The PLA hull was sanded down starting with a heavier P150 grit sandpaper. After that I switched to P220 and finally P320 to get the hull as smooth as possible. After I started sanding I soon realized that PLA is much less forgiving then I realized. It took approximately 3 hours to sand the PLA to a desirable smooth surface as see in figure 1.
Figure 1: Sanded PLA hull. Roughness can still be seen.
Once the hull was cleaned of any dust and debris the next step was applying a thin layer (no thicker than 1/16 inch) of “3M Acryl-Green Spot Putty” as seen in figure 2. This was done to fill in any imperfections left on the hull. The putty was applied using two pieces of construction paper which allowed some flexibility for the curvature of the hull. A respirator was also used to combat the intense odor of the putty (application should be done in a well ventilated area).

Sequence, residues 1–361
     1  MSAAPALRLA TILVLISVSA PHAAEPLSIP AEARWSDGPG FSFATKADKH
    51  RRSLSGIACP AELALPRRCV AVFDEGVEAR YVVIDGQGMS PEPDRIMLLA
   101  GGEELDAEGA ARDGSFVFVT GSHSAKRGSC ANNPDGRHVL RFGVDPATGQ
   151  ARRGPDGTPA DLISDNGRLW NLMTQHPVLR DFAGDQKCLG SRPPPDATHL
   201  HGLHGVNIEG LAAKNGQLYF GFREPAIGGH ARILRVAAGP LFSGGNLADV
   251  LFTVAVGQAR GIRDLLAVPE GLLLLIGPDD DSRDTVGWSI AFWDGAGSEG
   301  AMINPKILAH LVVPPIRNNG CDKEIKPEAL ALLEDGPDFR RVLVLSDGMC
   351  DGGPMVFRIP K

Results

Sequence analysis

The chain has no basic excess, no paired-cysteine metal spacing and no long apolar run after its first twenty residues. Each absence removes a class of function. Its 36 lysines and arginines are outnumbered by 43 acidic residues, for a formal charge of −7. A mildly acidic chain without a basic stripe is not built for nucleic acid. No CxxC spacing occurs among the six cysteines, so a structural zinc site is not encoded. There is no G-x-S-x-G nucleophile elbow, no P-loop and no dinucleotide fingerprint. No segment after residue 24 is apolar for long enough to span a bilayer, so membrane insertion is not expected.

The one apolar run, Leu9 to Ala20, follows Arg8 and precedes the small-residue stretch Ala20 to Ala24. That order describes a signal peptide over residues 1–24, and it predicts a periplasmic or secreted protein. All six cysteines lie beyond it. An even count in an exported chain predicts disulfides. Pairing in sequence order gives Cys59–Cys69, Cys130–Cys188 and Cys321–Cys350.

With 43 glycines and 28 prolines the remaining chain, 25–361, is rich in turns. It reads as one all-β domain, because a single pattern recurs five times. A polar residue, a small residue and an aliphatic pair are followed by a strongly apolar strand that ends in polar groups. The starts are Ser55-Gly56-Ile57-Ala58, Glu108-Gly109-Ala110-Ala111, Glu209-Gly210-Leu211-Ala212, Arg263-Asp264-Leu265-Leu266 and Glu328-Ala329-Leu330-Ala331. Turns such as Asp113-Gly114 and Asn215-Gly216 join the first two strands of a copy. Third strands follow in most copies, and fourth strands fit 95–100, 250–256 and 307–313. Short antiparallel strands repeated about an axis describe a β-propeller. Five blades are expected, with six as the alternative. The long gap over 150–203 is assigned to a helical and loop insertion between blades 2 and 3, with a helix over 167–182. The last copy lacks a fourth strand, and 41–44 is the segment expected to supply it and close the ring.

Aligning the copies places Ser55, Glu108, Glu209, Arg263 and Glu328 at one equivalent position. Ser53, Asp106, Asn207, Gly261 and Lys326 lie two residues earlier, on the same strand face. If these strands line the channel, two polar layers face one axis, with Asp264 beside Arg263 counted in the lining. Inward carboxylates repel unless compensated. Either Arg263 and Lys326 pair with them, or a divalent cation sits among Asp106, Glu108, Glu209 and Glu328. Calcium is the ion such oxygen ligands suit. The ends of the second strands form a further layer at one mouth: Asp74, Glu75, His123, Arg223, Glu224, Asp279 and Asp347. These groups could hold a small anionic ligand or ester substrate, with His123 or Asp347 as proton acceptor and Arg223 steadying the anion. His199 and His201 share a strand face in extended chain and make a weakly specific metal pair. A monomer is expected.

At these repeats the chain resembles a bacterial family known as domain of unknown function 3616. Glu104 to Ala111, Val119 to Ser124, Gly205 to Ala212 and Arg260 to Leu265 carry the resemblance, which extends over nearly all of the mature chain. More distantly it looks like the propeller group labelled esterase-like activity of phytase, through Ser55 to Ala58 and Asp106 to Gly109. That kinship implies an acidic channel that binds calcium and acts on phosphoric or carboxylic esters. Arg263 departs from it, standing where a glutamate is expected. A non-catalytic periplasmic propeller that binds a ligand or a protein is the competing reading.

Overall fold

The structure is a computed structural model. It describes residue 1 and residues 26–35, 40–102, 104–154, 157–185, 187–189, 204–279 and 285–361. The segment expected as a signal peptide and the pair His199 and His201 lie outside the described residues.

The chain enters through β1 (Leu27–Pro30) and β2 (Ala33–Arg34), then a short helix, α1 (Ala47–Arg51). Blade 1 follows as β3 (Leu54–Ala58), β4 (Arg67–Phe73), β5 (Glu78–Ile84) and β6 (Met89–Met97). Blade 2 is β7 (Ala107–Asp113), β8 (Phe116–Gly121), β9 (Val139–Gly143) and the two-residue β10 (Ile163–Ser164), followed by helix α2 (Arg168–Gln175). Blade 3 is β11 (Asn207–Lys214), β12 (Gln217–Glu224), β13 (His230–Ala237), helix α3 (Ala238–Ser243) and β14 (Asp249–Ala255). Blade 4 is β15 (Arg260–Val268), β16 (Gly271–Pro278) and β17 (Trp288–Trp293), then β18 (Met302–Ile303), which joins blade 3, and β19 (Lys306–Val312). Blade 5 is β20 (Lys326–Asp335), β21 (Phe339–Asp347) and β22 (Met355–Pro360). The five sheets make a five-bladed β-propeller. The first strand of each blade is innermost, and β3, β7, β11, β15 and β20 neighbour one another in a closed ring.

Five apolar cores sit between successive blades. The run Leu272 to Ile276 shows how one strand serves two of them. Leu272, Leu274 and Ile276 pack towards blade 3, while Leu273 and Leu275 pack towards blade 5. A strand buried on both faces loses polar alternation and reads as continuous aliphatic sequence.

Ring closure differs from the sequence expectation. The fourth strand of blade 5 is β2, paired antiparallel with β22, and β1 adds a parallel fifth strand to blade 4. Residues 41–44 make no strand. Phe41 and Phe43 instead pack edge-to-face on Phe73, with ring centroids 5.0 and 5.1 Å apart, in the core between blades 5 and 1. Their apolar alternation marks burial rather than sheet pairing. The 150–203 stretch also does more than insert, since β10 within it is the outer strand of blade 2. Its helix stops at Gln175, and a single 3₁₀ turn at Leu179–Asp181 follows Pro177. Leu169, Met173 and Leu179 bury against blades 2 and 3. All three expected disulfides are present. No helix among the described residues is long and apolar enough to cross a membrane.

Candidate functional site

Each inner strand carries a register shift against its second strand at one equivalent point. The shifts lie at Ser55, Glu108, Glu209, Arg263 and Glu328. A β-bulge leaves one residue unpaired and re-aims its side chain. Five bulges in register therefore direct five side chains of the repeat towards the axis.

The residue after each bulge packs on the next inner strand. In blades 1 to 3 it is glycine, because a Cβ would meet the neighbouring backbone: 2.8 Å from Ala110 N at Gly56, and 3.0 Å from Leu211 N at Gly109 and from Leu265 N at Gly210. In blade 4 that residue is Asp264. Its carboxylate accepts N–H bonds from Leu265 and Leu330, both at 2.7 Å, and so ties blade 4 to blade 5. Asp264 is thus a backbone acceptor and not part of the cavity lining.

Figure 2: Spreading green putty over hull.
After I let the putty dry for 2 hours (directions only say 15 minutes) it was time to sand the hull again. Just like the first time, I started with a heavier P150 grit and worked up to a finer P320. The second sanding process took about 2 hours in order to get the surface where I wanted it. Minimal blemishes need to be buffed out, but so far I am very happy with the way the hull has turned out.